BAE Systems has won all 10 worldwide active inceptor procurements over the last 25 years, making it the world leader for this flight-critical technology. 


More than 25 years ago, we developed the world’s first flight-standard active inceptor flight control system for the F-35, while in 2008, we developed the world’s first Active Parallel Actuation Subsystem (APAS) system — or LinkEdge — for the Chinook helicopter. But our firsts don’t end there.

In 2015, we celebrated another five firsts:

  1. Embraer KC-390 first flight with our active inceptors
  2. Gulfstream G600 first flight with our active inceptors
  3. Boeing MH-47G Chinook first flight with APAS
  4. Boeing AH-64 Apache first flight with our active inceptors
  5. Sikorsky CH-53K King Stallion first flight with our active inceptors

But what makes these firsts important? Active Control Side Sticks can reduce cost, improve awareness for the flight crew, and work with fly-by-wire systems to provide tactile cueing in the cockpit — all resulting in increased safety and improved performance.

LinkEdge is suitable for upgrading platforms with new ‘active stick’ technology without the need to go fly-by-wire

But what’s Active without Passive?

An inceptor (or stick) is termed “passive” when there is no active, real-time control feel characteristics or tactile feedback to the pilot from the stick. In this case, the stick passes on the electrical signals to the fly-by-wire (FBW) system, and any tactile feel or resistance is generated by dampers and springs. This type of system reduces complexity, weight, and maintenance, and is a minimum requirement for any FBW system.

“Passive” inceptors are used on modern day fixed-wing military aircraft such as the F-22 Raptor and Eurofighter Typhoon, as well as on civil platforms such as the Airbus family of commercial airliners. For rotary-wing aircraft, both the former RAH-66 Comanche and S92-F/CH148 Cyclone utilize passive sticks. Other controllers equipped with non-moving force sensors have been used, such as on the F-16. 

Giving the Pilot Control

Traditionally, aircraft have been controlled through a series of mechanical linkages or cables, directly from the pilot’s inceptor to the aircraft’s control surfaces. To ensure the integrity and reliability of these complex mechanical linkages, their design resulted in heavy construction and required frequent maintenance and rigging. The added weight and high maintenance on the aircraft also translated to extra cost.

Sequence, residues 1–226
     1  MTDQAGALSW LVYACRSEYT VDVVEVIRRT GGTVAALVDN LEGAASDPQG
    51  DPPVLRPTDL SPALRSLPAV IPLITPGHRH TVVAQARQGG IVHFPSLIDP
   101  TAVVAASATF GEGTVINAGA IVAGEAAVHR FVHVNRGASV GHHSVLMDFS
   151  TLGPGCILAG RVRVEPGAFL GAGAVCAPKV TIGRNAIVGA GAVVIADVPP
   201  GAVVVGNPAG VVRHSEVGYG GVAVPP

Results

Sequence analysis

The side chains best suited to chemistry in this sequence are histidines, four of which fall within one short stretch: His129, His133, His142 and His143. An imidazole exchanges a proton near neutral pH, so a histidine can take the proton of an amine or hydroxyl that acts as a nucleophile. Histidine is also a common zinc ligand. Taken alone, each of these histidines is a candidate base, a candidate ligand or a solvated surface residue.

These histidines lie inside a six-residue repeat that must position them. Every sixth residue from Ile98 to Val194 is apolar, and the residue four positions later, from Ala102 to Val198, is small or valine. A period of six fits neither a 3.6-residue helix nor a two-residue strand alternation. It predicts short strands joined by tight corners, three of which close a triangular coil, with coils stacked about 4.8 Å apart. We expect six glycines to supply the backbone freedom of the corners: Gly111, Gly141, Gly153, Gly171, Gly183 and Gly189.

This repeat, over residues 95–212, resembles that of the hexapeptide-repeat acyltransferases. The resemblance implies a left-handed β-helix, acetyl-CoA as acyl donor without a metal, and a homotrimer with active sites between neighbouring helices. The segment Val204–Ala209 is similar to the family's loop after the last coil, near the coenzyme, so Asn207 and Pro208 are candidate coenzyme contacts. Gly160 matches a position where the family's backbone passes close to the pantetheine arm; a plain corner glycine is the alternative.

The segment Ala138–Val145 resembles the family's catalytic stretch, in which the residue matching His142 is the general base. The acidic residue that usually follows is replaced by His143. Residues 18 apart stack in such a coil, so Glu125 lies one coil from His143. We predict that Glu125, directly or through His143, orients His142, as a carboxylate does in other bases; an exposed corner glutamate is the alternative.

In the late 1970s, aircraft technologists began to research and test the concept of replacing mechanical linkages with electrical signalling, leading to the evolution of FBW systems, which are common today in both civil and military fixed-wing aircraft and some rotorcraft. The pilot’s inceptor in an FBW system provides electrical signals to the Flight Control Computer, enabling aircraft control with no direct mechanical link to the surfaces.

For dual cockpit aircraft to be coupled, fairly complex and heavy mechanical linkages between the sticks were still necessary. In addition, pilots’ requests for tactile feedback features were lost when passive FBW inceptors were introduced. This led to the latest evolution of pilots’ controllers, referred to as “active inceptors.”

Active inceptors provide static and dynamic tactile force feedback to the pilot at the grip. Think: the resistance you get from a video game controller when you run into an obstacle in the game. The model dictates the level of resistance the pilot will feel when using the control. Dynamically, it dictates characteristics such as damping, inertia, and stiffness. These features mimic the feel characteristics of any aircraft, and can be particularly useful on trainer aircraft.

The potential uses of active inceptor technology far exceed the simple simulation of feel characteristics and the full range of programmable characteristics.

Fanfare Abounds


Of significant importance, especially for dual seat aircraft, is the ability of two active control sticks to be linked. This eliminates the need for the mechanical rigging and the cost and weight of the linking that is required for a passive system.

The flight criticality of active inceptor designs means that they have to achieve very high integrity, reliability, and safety levels. Because of this, redundancy, cross-monitoring, and failure management — which are already common concepts in FBW technology — are part of the active inceptor design.

Active inceptor systems have enhanced safety levels compared to the original mechanical systems they have replaced, while offering vast improved benefits in terms of weight reduction, reduced maintenance, and improved pilot situational awareness.

You want to really fly the future? Our active and passive inceptor systems not only provide increased safety and the ultimate pilot experience, but they do it lighter and with less complexity than traditional systems.

With five first flights for our pilot control technology last year, it’s clear our active and passive sticks are the new, optimal solution in this market. What first will our technology accomplish next? It seems the sky’s the limit!

Nicole Gable
Nicole Gable
Media Relations
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